Learning takes places in our Peel Park campus, minutes from bustling Manchester. We place emphasis on your development by using small group teaching. With a focus on your future, we’ll also encourage you to complete a placement year in industry to develop your practical and theoretical knowledge, adding ‘with Professional Experience’ to your degree award.

Features
• Learn to use tensors in the representation of physical phenomena and develop skills in vector calculus
• Develop a sound knowledge in probability models and distribution theory, building skills in statistics and data analysis
• Apply inviscid fluid dynamics techniques to important physical problems, such as hydrodynamics and aerodynamics
• Study the mathematics of graphical transformations and apply this through programming and computing
• Gain the mathematics skills ready to progress on to our BSc (Hons) Mathematics degree

The Uni


Course location:

University of Salford

Department:

School of Science, Engineering and Environment

Read full university profile

What students say


We've crunched the numbers to see if overall student satisfaction here is high, medium or low compared to students studying this subject(s) at other universities.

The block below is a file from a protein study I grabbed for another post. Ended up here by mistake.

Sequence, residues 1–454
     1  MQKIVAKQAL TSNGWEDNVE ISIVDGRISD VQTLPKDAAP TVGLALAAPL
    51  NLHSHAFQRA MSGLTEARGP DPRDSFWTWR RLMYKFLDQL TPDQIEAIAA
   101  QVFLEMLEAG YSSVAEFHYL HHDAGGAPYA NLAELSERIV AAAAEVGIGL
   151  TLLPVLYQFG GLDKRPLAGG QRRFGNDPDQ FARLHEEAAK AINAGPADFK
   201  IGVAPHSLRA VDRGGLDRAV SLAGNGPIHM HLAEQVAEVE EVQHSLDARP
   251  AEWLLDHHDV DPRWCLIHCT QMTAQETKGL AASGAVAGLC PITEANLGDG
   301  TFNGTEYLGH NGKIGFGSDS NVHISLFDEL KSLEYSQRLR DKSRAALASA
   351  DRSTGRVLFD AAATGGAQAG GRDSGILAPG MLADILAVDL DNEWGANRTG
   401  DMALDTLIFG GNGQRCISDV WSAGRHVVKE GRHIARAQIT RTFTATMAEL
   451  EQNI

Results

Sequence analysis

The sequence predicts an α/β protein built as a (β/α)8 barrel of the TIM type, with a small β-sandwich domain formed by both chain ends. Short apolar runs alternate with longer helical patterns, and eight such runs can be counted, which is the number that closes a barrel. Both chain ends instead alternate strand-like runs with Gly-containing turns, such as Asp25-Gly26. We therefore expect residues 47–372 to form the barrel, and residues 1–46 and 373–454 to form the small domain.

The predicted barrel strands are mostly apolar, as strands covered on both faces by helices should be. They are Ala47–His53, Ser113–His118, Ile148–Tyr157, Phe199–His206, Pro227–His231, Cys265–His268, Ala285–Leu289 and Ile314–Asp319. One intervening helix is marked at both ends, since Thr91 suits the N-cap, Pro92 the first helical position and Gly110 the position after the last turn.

100%
high
Mathematics

How do students rate their degree experience?

The stats below relate to the general subject area/s at this university, not this specific course. We show this where there isn’t enough data about the course, or where this is the most detailed info available to us.

Mathematics

Teaching and learning

75%
Staff make the subject interesting
100%
Staff are good at explaining things
83%
Ideas and concepts are explored in-depth
92%
Opportunities to apply what I've learned

Assessment and feedback

Feedback on work has been timely
Feedback on work has been helpful
Staff are contactable when needed
Good advice available when making study choices

Resources and organisation

92%
Library resources
82%
IT resources
91%
Course specific equipment and facilities
92%
Course is well organised and has run smoothly

Student voice

Staff value students' opinions
Feel part of a community on my course